Rodrigo Treviño

Assistant professor
University of Maryland, College Park
College Park, MD

The study of aperiodic tilings lies at the intersection of several areas of mathematics such as dynamical systems, topology, discrete geometry, and operator algebras, to name a few. Their origins go back at least a thousand years, where they have appeared in artwork in medieval Islamic architecture in many countries throughout the world.

The best known aperiodic tilings, such as the Penrose tiling, are ones which are self-similar. Aperiodic tilings which are constructed from random applications of different substitution rules have begun attracting serious attention recently. One of the tilings here is constructed from applying different Penrose-like substitutions at random.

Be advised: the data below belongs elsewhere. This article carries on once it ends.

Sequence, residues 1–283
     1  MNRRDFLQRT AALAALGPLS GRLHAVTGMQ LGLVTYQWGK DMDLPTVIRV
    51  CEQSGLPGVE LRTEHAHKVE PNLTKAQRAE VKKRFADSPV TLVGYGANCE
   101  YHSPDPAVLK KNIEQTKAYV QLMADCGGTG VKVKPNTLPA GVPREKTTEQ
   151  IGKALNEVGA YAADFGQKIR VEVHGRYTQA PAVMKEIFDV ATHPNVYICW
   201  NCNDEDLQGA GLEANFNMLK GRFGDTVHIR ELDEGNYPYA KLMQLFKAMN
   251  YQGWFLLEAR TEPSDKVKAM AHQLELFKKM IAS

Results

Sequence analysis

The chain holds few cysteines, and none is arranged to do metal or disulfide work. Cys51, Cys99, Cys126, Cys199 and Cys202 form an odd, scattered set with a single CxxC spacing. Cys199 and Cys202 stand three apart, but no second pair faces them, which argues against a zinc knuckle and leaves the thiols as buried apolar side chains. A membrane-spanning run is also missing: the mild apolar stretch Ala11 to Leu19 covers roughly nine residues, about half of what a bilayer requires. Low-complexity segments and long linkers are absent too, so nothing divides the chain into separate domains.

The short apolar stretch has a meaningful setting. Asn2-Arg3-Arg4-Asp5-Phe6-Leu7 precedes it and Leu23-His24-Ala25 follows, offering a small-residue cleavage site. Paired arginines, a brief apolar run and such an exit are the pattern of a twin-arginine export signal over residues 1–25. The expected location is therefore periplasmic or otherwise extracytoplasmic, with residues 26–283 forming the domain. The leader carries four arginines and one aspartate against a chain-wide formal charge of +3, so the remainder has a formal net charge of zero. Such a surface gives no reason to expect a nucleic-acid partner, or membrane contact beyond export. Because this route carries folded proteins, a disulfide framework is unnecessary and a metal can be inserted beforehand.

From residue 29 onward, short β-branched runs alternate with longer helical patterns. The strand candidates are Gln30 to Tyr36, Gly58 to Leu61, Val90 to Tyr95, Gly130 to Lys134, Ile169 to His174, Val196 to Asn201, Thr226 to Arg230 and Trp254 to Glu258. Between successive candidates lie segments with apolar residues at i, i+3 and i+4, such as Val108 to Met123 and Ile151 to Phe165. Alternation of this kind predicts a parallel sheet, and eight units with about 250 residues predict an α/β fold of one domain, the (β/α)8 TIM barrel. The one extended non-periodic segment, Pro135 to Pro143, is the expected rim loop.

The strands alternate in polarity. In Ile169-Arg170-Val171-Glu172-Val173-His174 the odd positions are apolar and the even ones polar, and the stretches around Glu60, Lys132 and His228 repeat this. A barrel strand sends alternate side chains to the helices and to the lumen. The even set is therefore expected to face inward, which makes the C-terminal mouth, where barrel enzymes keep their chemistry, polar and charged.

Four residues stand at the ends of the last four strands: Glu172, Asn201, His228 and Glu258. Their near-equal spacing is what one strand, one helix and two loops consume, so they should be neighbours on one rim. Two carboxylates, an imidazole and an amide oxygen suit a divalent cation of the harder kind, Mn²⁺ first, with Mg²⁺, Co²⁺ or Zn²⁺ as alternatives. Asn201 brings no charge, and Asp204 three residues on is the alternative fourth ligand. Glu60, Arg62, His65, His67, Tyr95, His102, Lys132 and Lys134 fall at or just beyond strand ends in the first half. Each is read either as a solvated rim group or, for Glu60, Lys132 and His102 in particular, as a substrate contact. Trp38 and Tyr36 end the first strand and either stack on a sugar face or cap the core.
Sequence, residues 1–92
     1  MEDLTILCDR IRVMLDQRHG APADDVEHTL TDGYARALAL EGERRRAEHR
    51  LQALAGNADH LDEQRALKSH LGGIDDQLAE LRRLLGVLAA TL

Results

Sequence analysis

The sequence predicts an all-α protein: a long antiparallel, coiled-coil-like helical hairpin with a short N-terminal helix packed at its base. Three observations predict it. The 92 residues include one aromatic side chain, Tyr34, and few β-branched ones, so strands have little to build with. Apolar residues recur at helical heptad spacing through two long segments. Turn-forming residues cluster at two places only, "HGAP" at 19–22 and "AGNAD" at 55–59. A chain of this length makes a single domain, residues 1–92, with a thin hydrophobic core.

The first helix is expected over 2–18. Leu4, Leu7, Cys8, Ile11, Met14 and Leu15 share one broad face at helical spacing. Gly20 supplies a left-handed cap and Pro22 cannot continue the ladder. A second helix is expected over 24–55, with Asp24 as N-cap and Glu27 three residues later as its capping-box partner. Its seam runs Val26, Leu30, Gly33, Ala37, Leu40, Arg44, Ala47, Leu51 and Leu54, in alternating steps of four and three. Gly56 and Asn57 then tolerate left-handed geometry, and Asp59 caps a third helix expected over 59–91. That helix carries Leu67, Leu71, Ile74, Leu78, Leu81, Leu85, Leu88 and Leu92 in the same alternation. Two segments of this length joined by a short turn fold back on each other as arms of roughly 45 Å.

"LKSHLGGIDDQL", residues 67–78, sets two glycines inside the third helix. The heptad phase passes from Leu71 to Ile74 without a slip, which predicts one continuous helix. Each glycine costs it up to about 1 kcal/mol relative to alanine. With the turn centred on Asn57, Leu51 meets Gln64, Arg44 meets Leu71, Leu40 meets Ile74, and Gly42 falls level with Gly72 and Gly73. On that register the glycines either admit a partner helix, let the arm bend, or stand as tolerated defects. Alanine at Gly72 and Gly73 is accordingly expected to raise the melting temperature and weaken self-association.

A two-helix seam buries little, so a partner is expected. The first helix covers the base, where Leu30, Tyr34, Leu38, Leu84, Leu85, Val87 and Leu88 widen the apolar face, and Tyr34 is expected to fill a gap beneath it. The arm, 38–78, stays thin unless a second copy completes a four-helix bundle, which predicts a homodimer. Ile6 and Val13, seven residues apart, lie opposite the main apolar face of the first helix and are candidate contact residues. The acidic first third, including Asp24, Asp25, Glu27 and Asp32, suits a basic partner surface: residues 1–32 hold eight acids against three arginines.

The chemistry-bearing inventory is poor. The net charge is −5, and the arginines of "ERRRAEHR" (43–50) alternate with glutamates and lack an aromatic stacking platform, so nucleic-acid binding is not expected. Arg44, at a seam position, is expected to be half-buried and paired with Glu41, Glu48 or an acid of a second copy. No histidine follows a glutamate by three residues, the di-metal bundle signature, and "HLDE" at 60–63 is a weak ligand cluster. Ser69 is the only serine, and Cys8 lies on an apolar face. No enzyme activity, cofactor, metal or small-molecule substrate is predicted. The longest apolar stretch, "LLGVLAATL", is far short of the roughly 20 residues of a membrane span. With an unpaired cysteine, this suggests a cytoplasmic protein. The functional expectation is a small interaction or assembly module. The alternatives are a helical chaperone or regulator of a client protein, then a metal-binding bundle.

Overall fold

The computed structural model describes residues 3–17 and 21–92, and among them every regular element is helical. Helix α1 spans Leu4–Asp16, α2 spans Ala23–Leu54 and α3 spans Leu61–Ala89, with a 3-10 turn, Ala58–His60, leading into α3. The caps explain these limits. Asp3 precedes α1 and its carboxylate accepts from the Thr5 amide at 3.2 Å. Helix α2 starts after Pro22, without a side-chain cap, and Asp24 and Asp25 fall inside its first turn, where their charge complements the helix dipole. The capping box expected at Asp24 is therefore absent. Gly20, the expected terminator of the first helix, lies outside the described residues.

The March
45 x 70 cm
Archival paper print

This was created from a random application of Penrose-like substitutions. This means the the triangles involved have either angles (2π/5,2π/5,π/5) or (π/5,π/5,3π/5).